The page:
NEW ULM - The District 88 School Board Thursday approved settlements with the teachers' union for 2011-13 and 2013-15.
The action caps the longest negotiation season in at least a dozen years, which included two mediation sessions, district negotiator Susan Nierengarten said.
Because the last contract had expired in 2011, and negotiations would have been set to resume in just a few months, the union suggested, and the district agreed to, negotiating two successive two-year contracts at once, explained Nierengarten.
State law says contracts have to be approved for two years; nothing prevents the approval of two contracts at once, she added.
The fact negotiation is complete through 2015 would allow everyone to focus on other important issues, she added.
The changes include some contractual language, Nierengarten went on to say. Provisions were amended to reflect the switch to a six-period day in the high school and the switch to a single student council and yearbook for grades 7-12, for example. (In conjunction with the 6-period day, teachers who teach a resource period, rather than doing supervisory duty, will receive a stipend of $500 per semester.)
The language was also changed to specify that teachers are required to work three events per year in exchange for a free activity pass, and that teachers who work five events or more would receive a free family pass.
In terms of benefits, health insurance contributions will not change for the contract year that ended (2011-12).
In the upcoming year, the district contribution to health insurance will increase 2.5 percent, which is half of the actual increase, said Nierengarten.
In each of the following two years, 2013-14 and 2014-15, the district contribution will increase up to 2.5 percent, with employees shouldering any additional increases, said Nierengarten.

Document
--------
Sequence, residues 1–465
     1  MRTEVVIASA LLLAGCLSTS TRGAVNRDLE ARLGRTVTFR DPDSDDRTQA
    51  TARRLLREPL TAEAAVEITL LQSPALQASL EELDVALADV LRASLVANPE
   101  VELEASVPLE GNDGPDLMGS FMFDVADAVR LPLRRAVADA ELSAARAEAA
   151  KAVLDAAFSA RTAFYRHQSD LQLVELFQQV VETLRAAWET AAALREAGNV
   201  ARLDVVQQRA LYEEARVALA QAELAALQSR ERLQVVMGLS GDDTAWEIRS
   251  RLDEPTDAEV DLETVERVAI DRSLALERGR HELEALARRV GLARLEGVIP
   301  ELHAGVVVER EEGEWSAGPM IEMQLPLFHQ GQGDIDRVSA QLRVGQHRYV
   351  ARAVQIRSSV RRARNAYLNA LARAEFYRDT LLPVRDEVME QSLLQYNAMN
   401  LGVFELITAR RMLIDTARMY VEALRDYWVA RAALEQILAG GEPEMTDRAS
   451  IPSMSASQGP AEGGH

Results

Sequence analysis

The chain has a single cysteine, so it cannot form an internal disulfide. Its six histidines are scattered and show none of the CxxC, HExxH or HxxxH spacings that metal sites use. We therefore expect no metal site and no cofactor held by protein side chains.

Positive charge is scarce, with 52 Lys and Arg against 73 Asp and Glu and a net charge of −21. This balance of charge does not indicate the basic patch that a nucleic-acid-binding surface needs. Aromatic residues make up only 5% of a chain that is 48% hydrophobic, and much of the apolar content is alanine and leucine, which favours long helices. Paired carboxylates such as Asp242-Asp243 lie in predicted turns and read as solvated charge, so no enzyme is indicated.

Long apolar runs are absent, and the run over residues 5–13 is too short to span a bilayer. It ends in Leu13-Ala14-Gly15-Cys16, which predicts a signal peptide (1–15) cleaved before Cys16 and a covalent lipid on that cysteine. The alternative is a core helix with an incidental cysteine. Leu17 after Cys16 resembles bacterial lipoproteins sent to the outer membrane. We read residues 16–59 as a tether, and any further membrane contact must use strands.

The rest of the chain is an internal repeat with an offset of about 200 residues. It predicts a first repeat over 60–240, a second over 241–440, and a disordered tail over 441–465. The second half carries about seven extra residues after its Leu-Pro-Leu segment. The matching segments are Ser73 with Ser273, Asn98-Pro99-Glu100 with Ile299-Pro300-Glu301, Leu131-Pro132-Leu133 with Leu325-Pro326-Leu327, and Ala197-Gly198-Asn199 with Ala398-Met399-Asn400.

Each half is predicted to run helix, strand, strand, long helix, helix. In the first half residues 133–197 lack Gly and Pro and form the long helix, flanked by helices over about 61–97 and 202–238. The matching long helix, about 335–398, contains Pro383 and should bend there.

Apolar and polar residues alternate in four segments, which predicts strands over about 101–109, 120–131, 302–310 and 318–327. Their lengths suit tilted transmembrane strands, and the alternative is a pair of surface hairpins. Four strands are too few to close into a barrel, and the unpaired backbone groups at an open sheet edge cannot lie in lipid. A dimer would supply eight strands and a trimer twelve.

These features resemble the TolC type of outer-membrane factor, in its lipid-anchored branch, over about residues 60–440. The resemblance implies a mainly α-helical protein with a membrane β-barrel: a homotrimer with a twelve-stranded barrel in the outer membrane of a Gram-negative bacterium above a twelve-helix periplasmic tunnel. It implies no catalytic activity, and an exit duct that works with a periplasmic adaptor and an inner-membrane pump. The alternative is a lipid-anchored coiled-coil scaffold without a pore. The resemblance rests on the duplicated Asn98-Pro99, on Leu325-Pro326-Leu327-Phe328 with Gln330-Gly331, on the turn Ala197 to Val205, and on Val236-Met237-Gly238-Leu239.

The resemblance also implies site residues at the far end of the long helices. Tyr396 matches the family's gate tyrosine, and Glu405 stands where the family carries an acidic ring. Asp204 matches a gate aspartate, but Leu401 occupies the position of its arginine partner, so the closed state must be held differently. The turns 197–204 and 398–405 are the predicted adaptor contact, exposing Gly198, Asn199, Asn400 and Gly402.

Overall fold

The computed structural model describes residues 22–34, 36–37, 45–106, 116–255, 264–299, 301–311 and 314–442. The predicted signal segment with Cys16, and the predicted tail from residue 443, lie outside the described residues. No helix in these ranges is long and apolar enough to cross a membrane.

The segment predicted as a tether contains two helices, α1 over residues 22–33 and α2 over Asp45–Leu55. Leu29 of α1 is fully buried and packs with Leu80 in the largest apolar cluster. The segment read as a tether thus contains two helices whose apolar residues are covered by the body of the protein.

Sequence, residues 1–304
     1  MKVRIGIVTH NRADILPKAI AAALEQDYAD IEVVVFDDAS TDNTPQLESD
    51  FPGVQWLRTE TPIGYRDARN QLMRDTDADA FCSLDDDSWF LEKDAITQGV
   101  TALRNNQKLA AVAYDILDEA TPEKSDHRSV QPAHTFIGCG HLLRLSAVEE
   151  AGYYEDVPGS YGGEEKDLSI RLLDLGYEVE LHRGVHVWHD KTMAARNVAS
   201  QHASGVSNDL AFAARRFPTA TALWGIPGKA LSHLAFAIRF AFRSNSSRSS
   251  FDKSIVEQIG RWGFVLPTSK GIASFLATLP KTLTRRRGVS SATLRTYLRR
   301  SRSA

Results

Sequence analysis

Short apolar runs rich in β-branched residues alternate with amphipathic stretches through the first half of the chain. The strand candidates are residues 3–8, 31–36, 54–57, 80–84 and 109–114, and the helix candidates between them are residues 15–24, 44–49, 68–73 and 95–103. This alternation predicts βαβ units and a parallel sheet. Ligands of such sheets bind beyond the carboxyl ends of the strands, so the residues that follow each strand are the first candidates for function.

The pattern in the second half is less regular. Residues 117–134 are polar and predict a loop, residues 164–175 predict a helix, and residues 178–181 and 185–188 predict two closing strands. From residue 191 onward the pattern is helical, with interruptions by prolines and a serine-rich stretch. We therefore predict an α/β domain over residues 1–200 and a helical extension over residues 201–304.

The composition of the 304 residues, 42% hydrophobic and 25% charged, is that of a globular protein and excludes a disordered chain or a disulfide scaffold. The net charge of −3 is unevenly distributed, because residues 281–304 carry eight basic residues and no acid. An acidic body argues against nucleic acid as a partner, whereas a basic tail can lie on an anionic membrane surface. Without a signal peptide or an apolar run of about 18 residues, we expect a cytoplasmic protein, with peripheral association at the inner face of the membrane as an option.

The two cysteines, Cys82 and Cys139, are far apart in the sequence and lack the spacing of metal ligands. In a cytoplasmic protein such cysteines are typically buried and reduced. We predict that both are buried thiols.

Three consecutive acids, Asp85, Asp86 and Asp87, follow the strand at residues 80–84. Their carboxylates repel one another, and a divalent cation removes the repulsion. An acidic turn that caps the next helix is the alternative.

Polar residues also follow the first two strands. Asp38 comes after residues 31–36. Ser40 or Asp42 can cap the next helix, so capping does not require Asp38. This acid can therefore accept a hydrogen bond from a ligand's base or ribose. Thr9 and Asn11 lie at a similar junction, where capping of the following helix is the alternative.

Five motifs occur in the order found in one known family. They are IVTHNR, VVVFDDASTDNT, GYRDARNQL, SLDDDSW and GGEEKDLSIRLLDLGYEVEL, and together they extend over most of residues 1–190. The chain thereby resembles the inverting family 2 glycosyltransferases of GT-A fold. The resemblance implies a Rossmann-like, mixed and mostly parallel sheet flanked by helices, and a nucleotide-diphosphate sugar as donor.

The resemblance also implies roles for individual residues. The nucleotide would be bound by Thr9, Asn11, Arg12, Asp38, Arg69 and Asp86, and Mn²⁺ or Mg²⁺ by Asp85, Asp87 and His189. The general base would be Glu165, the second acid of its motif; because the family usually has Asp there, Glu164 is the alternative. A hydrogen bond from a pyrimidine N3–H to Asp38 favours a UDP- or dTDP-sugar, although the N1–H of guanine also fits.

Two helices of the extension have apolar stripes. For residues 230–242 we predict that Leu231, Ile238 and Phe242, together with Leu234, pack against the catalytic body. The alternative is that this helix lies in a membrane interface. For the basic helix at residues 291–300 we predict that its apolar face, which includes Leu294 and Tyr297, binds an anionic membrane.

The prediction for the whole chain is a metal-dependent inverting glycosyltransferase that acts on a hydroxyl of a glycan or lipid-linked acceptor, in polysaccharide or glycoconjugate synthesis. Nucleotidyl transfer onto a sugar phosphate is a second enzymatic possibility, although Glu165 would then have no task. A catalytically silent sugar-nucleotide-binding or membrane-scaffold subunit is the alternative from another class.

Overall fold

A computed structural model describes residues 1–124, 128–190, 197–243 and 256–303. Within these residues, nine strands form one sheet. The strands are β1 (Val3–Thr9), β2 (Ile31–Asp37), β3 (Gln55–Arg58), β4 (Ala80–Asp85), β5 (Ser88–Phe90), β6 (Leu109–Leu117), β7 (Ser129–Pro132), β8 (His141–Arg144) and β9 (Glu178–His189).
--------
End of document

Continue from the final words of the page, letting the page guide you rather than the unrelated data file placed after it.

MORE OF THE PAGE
In effect, for the first time in at least a dozen years, there will be no automatic full payment of single coverage premiums by the district, Nierengarten pointed out. Employees are shouldering a larger share of these costs, she said. Hopefully, this would encourage a serious conversation about health insurance options that would reduce premiums, she said.
In terms of salary, there will be no step advances (increases based on years of service) and no increases in the salary schedule (increases similar to cost-of-living adjustments) for 2011-12.
In each of the following years, there will be step increases and also a 1 percent increase in the salary scale.
In addition, just in 2012-13, teachers at the top of the salary scale (who receive no step increases) will receive a $500 one-time stipend.
Nierengarten described the changes in financial provisions as "modest."
She said the cost impact of the changes to the district will be 1.982 percent for the first two-year contract, and 2.326 percent for the second biennium.
(She added that cost includes a mandated 0.5 percent increase in the district contribution to teachers' retirement accounts, on which the local board has no say.)
In another matter, the board announced the appointment of Les Koppendrayer, who is in the process of retiring as principal of Franklin Elementary School in Mankato, as interim principal of Washington Elementary School.
He is officially retiring Sept. 7 and his contract here would be effective Sept. 11.
The action follows the late resignation of Bill Sprung.
The interim principal will be hired for a year, to allow for a search for a permanent replacement to begin in early 2013.